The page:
HEN we read Romans 1, we might begin to look out the window. Paul tells us that be the wrong response. Instead, we should look in the mirror. The same law that is used to condemn idolatry & homosexuality also condemns every other brand of sin. If we are proud, self-righteous & impatient, then are we ultimately any different than the worst of all heathen? We found entrance into the family of God through God's grace & goodness. It certainly was not due to any merit of our own. Shouldn't we rejoice to see His patience exercised on others?
So, the gospel-starved heathen are condemned by the violation their own conscience and by their resistance to the natural revelation of God (Romans 2:14-15), but the gospel-rich civilization is condemned just as well (or more so) by our calloused disregard for God's grace (Romans 2:12). Impenitence is impenitence, regardless of the setting.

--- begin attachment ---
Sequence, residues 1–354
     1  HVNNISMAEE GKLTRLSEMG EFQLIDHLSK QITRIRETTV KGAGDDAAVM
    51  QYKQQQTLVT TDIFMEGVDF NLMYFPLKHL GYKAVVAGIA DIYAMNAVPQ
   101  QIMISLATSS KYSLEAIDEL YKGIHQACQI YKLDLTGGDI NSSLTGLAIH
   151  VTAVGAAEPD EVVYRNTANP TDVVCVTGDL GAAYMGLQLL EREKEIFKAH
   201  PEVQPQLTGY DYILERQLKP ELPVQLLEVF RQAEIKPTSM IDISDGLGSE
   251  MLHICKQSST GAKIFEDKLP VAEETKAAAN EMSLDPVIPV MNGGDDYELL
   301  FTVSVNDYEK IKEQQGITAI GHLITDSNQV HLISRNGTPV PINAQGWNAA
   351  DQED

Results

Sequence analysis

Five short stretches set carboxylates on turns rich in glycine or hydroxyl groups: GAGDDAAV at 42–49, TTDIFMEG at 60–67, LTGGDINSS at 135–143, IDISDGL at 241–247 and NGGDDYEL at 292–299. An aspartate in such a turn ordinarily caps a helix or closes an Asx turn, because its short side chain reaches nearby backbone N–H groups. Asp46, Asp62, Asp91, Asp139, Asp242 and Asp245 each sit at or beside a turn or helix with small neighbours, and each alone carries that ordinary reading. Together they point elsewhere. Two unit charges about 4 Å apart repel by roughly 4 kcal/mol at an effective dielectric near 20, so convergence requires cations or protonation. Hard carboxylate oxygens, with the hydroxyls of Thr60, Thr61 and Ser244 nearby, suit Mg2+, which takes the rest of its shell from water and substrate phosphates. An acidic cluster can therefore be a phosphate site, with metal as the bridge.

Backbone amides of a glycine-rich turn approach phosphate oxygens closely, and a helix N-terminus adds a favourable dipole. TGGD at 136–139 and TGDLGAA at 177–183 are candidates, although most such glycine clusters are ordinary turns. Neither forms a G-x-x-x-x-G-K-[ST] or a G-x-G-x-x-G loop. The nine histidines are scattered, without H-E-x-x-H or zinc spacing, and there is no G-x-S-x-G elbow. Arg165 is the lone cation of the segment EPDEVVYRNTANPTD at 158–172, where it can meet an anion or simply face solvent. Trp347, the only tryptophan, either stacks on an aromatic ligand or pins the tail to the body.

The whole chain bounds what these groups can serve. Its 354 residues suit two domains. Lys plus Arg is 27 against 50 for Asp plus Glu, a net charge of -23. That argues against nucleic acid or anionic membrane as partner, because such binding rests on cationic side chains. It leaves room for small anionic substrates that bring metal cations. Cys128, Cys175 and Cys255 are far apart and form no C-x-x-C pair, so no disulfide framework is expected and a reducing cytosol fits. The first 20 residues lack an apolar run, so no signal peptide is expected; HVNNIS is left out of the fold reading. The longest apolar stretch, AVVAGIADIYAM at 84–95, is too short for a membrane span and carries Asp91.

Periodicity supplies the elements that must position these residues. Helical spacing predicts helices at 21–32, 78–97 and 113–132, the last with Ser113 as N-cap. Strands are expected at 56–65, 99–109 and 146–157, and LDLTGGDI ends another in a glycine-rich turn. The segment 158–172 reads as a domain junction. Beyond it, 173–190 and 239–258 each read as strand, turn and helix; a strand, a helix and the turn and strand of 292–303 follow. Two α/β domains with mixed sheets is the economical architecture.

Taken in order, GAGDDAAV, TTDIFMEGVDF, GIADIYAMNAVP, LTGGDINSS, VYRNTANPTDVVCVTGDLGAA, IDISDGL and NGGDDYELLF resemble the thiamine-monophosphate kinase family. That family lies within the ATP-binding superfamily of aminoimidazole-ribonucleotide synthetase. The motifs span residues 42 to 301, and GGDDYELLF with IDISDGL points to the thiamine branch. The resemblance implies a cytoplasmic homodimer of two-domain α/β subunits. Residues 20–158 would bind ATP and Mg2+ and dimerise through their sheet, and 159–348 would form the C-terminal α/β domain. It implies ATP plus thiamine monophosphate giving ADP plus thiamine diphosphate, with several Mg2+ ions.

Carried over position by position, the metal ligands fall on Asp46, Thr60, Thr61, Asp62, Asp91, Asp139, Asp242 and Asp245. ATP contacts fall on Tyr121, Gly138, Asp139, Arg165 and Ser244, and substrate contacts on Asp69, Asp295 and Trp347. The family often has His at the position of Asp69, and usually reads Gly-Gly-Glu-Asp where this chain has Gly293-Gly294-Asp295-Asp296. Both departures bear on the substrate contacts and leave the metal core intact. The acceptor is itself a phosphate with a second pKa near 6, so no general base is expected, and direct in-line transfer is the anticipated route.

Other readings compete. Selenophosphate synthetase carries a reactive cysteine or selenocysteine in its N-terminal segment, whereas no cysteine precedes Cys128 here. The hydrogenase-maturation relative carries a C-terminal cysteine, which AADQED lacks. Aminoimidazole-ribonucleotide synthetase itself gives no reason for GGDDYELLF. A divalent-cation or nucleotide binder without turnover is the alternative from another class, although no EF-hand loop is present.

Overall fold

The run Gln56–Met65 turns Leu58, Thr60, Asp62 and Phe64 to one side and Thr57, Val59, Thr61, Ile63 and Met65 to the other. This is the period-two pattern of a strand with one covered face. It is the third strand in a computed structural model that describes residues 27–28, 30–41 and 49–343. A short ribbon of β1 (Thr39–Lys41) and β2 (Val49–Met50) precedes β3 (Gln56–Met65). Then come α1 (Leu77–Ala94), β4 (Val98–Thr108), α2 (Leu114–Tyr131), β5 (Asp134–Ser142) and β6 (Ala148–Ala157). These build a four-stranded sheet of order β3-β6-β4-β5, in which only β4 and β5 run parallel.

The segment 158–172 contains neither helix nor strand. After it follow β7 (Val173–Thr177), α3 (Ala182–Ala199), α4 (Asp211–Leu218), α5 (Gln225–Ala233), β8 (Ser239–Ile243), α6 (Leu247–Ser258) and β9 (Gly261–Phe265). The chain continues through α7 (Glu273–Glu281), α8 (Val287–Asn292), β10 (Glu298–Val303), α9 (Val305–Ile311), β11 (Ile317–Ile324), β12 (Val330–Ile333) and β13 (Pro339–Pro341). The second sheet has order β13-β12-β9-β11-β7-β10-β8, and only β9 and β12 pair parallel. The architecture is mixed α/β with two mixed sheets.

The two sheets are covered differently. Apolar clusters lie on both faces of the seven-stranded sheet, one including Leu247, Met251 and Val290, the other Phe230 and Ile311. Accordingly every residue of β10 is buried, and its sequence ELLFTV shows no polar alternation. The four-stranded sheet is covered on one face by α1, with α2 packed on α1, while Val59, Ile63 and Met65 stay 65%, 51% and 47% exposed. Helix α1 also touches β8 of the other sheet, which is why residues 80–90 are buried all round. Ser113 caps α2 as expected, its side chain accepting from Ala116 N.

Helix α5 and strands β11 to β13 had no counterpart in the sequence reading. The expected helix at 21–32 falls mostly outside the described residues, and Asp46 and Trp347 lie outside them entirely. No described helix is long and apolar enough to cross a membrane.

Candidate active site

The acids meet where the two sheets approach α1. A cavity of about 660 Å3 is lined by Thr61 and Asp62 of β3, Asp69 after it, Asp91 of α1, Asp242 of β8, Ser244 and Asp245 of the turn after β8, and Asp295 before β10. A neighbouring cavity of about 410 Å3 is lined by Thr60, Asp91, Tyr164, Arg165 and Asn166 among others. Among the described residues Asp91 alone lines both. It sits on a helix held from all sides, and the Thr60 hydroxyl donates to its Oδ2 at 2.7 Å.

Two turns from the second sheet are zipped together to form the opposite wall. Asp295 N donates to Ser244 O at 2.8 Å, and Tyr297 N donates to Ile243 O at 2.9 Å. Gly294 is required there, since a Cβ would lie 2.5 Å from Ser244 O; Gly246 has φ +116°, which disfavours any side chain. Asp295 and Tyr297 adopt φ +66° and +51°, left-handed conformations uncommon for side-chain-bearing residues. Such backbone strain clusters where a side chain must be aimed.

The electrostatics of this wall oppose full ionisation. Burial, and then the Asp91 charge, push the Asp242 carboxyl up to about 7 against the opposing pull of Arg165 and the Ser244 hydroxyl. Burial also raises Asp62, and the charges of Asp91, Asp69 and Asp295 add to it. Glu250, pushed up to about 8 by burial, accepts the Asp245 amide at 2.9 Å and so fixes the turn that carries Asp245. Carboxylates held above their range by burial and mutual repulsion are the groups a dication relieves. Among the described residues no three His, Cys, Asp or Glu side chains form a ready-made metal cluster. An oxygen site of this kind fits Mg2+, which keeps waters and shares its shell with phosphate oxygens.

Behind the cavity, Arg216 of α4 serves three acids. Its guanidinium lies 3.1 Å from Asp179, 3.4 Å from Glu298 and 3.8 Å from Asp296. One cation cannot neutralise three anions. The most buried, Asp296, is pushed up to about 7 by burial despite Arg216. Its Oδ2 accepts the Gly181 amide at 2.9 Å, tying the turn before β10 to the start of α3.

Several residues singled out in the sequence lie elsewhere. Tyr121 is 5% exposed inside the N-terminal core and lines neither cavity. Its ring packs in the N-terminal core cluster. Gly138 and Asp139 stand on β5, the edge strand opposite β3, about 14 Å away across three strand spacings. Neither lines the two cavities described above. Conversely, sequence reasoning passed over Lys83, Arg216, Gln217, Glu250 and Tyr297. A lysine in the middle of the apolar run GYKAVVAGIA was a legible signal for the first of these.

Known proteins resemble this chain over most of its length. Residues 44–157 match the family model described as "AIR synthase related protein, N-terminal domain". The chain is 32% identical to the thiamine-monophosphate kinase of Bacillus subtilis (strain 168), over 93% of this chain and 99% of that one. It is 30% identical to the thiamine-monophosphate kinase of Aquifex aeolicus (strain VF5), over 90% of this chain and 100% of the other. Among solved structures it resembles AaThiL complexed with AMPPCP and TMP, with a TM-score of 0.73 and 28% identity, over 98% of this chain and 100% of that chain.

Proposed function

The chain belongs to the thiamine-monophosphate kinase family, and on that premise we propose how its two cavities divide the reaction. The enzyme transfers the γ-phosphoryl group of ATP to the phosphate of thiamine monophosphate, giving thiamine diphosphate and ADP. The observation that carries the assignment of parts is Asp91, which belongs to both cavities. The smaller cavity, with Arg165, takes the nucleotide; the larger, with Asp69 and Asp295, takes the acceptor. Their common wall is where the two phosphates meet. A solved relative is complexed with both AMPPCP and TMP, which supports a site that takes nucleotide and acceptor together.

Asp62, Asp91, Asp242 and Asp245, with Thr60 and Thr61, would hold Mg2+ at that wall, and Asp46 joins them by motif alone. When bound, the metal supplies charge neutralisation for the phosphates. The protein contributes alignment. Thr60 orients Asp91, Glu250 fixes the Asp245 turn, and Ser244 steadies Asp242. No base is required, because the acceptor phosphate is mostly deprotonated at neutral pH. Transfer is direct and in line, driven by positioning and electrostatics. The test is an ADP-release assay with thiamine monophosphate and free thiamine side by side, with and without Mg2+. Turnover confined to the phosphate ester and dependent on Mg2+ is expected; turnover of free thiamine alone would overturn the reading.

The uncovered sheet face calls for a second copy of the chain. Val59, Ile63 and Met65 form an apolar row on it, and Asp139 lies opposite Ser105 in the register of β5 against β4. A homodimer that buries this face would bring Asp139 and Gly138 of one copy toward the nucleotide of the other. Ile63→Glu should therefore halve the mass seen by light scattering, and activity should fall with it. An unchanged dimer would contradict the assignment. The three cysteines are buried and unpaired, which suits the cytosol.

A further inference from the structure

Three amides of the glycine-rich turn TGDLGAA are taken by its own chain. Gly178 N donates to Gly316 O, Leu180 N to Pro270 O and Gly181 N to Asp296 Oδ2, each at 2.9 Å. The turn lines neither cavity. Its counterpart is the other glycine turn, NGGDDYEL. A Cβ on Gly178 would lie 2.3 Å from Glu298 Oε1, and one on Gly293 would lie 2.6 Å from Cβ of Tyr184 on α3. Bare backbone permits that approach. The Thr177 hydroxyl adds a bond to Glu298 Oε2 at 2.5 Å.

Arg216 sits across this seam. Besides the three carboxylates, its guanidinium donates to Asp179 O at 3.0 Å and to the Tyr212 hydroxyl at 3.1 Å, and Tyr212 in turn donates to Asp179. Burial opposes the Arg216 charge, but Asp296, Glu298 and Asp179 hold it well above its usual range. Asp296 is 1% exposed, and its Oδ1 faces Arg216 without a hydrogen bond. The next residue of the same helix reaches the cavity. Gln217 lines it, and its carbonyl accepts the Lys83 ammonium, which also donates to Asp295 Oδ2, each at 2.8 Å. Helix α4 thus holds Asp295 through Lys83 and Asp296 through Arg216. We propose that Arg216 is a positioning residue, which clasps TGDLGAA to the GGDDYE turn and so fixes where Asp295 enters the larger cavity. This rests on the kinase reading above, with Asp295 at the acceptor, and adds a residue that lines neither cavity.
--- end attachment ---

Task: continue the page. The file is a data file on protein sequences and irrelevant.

The Jews of Paul's day had their own idea of what good and evil was. They defined righteousness by their own interpretation of Moses' law. For example, the Jews thought their circumcision (and all that they thought it represented) provided them with spiritual security. Paul taught that anyone could be a Jew, regardless of their heritage and regardless of any physical characteristic. If a Jew is one of God's children, and if it is what’s on the inside that makes you or me a true child of God, then in that sense if our hearts belong to God, we are true Jews (Romans 2:29).